Cozy with concrete
Bungalow in Edmonton's Laurier Heights is a pioneer of a more sustainable form of construction
Special to The Globe and Mail
Saturday, July 8, 2017 – Print Edition, Page S4

Natasha and Ben Chiam's modern bungalow is a lot of things: soundproof, sustainable, environmentally friendly, fire resistant and hurricane and tornado proof. But above all else, Ms. Chiam says, "it's just a really amazing family home."

The house was custom built for the couple and their two young children back in 2010. At the time, it was a pioneer of insulated concrete form (ICF) construction and a uniquely modern single-family home in leafy Laurier Heights, a mature neighbourhood in an upscale part of west Edmonton.

Today, the home still makes an impression with a metal roof, apple and forest-green accents; metal, cedar and concrete siding; large windows; and lofty ceilings. Located at 13503 86th Avenue, it's currently on the market for $1,624,800.

"It was kind of an experiment I guess," Ms. Chiam admits. "We'd built a Craftsman-style home a few years earlier and really loved the design process, but we felt that look wasn't really us any more. Our family was growing so we needed more space."

The large lot with an expansive backyard overlooking a ravine was just what the family was looking for and they wasted no time finding a buyer for the twostorey Victorian home that came with it. With the heritage property relocated to an acreage outside Calgary and the couple armed with design inspiration from architecture and design magazines, they could move forward with their modern vision.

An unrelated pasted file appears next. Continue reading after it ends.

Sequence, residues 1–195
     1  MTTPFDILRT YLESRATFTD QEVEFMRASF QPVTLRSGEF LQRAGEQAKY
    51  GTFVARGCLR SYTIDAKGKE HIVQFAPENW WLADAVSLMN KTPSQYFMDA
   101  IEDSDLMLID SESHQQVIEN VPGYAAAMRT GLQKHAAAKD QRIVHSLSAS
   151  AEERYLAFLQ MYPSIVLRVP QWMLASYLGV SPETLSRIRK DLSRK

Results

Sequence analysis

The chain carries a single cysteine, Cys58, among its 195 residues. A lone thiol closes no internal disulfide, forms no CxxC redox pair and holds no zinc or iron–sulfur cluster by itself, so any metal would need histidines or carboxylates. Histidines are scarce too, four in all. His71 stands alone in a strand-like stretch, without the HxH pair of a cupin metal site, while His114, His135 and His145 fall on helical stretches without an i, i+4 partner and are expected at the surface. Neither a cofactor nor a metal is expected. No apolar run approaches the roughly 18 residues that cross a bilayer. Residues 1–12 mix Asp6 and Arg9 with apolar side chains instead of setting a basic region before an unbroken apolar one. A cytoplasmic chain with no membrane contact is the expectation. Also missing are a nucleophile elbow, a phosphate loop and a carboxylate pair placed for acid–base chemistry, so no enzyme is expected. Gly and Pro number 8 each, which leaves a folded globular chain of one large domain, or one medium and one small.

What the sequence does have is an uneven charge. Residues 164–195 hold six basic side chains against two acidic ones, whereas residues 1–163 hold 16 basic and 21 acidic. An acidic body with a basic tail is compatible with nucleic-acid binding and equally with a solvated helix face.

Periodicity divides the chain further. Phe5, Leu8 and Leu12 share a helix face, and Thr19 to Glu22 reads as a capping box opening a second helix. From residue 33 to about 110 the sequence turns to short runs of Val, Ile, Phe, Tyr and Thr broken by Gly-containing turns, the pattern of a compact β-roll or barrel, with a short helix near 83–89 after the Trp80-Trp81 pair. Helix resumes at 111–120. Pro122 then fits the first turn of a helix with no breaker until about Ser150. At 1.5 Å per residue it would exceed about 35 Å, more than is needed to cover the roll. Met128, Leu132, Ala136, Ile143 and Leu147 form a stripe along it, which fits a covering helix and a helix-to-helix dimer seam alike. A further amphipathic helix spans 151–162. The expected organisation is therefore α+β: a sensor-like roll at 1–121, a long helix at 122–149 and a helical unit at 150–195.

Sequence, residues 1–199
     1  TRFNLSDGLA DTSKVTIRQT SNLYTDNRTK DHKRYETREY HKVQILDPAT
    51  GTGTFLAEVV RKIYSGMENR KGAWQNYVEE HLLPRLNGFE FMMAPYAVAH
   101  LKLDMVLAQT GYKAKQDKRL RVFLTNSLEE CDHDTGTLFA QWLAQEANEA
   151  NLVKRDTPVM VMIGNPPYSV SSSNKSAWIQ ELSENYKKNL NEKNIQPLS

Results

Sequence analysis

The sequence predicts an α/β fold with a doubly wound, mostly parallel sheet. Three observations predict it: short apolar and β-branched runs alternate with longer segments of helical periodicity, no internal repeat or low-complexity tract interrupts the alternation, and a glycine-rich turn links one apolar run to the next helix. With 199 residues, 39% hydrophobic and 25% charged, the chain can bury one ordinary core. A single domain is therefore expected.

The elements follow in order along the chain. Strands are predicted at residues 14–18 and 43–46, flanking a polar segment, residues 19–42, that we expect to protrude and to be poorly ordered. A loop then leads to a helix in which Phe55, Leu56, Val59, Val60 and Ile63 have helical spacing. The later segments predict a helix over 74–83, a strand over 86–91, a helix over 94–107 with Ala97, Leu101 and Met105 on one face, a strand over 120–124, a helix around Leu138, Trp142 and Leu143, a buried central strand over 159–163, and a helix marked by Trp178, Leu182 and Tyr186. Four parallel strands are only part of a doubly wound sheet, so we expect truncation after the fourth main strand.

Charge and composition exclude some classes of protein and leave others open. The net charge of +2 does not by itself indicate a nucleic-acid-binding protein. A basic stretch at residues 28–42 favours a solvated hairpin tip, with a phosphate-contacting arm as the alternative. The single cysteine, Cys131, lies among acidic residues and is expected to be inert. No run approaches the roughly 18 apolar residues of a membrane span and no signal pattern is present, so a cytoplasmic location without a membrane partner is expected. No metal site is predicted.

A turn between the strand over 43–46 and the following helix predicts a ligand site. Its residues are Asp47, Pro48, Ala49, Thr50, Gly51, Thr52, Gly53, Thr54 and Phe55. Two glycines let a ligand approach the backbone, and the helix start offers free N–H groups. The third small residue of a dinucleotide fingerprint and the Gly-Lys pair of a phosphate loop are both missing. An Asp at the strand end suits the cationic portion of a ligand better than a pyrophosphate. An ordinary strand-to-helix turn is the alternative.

"With this house, we wanted to try to build something as environmentally conscious as possible and reduce our carbon footprint, especially as we were looking to build something bigger," Ms. Chiam says. "Ben really loves that West Coast modern look and we also wanted a house that was really easy to maintain, so we decided to break the mould and go with concrete."

ICFs consist of interior and exterior rigid foam panels which lock together like Lego. Concrete is then poured inside creating a superinsulated, soundproof, resilient structure. In fact, ICF construction is so resilient that it's often used to create safe rooms within homes in tornado- and hurricane-prone areas.

"At that time it was pretty unusual to build a whole house using ICFs; mostly ICFs were, and still are, used for foundations with a traditional wood frame on top" says Mike Sczesny of Fuse Architecture, who built the home in collaboration with Serenity Contracting. "I had never designed with ICFs before but Ben and Natasha were keen to build the most sustainable home they could and they wanted to do that with concrete."

In the past seven years, Mr. Sczesny has seen an increasing interest in ICF construction in Alberta.